Other Projects & the Future
While she has done other short films, one in particular needs comment. In 1995, she made an eight-minute pilot of a film called “Sarah and Hagar,” which gives promise of being an important and lyric contribution to the Arab-Israeli dialogue. Using the biblical story of Sarah and Hagar as her controlling metaphor, Lilly re-examines the story of these two foremothers as a way of emphasizing what the two peoples descended from them have in common. Brief as the pilot film was, it has, since it first appeared, served as the basis for scores of dialogue-provoking workshops around the United States. The final version of the film, now entitled “Can You Hear Me? Israeli and Palestinian Women Fight for Peace,” was completed 2006 and screened at the Jerusalem Cinematheque’s annual international Film Festival in the summer of that year.
Thinking about the future, Lilly says, “My head is swarming with ideas for films still to be made. For one thing, I want to complete my film on the Marranos which examines the meaning of Jewish identity; and then I want to do a film about Hannah Arendt.”
Judging by public responses to her work, one may expect that whatever she creates in the future will also be thought-provoking and illuminating.
Collins, Larry and Dominque Lapierre. O Jerusalem. New York: Simon & Schuster, 1972.
Principal Researcher; When Will the Fighting Stop? A Child’s View of Jerusalem. New York: Atheneum, 1990. Concept and photographs by Lilly Rivlin
Dame, Enid, Lilly Rivlin and Henny Wenkart eds. Which Lilith?—Feminist Writers Recreate the World’s First Woman. North Vale, NJ: Jason Aronson, Inc., 1998.
Rivlin, Lilly with Gila Gevirtz. Welcome to Israel. Springfield, NJ: Behrman House, 2000
“Meditation and Conflict: A Journey on Paper.” In Women of the Wall: Claiming Sacred Ground at Judaism’s Holy Site, edited by Phyllis Chesler and Rivka Haut. Woodstock, VT: Jewish Lights, 2002.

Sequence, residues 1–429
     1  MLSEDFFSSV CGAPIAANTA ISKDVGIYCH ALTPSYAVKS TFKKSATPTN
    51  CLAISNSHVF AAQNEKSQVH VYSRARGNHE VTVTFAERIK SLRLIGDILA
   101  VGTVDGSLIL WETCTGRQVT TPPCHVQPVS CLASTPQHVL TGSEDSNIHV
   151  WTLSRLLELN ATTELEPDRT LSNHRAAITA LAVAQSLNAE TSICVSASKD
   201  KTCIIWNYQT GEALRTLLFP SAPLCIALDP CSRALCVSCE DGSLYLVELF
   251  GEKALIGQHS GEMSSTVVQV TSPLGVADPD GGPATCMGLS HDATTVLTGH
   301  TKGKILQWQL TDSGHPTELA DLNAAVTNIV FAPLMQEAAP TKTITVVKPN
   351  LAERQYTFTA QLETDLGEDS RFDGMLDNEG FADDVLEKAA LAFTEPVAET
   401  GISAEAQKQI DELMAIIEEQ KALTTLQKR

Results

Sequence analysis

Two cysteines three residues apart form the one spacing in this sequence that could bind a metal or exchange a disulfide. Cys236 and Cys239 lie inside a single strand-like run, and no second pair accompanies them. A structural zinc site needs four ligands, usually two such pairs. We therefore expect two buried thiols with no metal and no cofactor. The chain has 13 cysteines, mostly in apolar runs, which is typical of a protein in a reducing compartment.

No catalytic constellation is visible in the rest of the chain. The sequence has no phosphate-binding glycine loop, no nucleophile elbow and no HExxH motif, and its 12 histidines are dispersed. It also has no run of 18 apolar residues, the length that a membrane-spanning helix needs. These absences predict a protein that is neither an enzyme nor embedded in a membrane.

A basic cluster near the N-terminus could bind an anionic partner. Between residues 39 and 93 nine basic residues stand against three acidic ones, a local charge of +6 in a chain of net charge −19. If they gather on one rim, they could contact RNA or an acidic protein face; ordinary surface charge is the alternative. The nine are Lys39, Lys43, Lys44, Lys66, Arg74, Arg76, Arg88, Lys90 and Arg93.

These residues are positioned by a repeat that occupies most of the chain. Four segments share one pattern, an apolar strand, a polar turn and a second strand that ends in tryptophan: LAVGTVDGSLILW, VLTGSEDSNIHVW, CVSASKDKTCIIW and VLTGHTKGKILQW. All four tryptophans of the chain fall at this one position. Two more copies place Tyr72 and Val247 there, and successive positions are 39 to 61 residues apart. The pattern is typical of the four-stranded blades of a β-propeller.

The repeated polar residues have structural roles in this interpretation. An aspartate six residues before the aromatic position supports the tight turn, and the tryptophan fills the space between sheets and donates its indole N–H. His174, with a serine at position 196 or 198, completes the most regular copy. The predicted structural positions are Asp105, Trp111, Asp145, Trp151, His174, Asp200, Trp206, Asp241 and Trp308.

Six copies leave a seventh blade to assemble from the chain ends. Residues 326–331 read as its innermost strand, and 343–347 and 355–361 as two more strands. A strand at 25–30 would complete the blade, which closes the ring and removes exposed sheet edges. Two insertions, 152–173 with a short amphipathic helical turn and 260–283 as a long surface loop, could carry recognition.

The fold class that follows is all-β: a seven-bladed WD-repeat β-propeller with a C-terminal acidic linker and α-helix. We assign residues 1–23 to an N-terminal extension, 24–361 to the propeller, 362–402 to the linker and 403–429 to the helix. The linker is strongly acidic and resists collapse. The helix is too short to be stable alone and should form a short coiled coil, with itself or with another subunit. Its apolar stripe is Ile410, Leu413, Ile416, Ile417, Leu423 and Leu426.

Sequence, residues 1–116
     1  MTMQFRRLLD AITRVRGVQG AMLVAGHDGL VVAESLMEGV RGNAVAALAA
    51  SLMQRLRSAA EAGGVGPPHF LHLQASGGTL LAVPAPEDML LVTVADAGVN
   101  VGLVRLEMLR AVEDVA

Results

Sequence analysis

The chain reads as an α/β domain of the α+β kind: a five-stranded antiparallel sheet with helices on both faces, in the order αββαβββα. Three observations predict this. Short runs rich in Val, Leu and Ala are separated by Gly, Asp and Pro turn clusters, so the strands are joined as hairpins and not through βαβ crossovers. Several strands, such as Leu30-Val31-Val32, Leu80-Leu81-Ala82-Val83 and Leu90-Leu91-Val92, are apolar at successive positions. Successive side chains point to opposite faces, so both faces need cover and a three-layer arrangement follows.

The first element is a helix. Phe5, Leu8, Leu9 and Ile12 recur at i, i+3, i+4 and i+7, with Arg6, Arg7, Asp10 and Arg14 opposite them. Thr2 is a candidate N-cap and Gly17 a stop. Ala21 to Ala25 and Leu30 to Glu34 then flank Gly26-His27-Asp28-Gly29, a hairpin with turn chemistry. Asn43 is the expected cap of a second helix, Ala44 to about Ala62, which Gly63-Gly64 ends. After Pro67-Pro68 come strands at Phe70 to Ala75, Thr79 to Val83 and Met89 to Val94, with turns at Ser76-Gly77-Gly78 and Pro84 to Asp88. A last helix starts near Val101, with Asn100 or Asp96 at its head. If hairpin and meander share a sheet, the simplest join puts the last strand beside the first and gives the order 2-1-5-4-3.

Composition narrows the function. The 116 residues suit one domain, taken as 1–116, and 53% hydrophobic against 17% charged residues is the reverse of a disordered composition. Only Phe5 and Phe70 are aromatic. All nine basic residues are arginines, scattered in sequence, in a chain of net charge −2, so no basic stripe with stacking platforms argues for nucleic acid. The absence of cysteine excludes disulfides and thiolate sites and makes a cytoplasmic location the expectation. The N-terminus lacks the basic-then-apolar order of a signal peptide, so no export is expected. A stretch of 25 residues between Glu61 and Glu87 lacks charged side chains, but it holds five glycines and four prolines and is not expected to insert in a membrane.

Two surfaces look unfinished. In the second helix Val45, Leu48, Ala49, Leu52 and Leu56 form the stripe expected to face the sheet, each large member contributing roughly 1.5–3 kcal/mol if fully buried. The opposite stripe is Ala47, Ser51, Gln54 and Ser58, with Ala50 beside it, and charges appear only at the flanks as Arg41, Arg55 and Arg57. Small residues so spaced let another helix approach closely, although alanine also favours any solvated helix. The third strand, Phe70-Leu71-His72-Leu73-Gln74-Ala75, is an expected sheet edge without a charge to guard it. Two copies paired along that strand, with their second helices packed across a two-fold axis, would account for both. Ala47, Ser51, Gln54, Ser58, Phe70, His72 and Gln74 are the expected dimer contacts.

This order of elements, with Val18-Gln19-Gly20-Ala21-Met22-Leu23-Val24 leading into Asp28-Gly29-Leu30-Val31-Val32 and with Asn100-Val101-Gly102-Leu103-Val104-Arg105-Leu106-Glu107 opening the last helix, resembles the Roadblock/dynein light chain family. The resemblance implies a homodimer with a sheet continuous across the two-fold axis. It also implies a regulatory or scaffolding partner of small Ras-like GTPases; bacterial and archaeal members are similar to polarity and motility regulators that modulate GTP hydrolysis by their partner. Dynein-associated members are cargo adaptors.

Director, Producer, and Writer. Gimme A Kiss. Co-directed by Pola Rapaport. New York: Cinema Guild, 2000.
Director, Producer, and Writer. Miriam’s Daughters Now. New York: Center for Visual History, 1986.
Director, Producer, and Writer. The Tribe. New York: Arthur Canton, Inc., 1984.
Director and Writer. Can You Hear Me? Israeli and Palestinian Women Fight for Peace. Co-directed and co-written by Margaret Murphy. East Hampton, NY: Forward in Time, 2006.
Other Credits Include
Associate Producer. Expulsion and Memory: Descendants of the Hidden Jews. Directed by Simcha Jacobovici. Waltham, MA: National Center for Jewish Film, 1995.
Associate Producer of Full Circle. Directed, produced and written by Paul Rothman. New York: Filmakers Library, 1995.
Associate Producer, writer and researcher. If Not Now When, Peace Now. Directed by Elizabeth Benjamin. 1988.
Producer and interviewer. Several segments of Israel TV’s 18-part series on the history of Zionism, Pillars of Fire. Directed by Yig’al Losin. Jerusalem: Israel Broadcast Authority, 2005.
Developed, researched and wrote The Jews, a 13-part TV series for David Puttnam and Sandy Lieberson. London, 1970–1972.
Consultant and researcher. Israel: A Nation is Born, a five-part series on Israel with Abba Eban. 1990.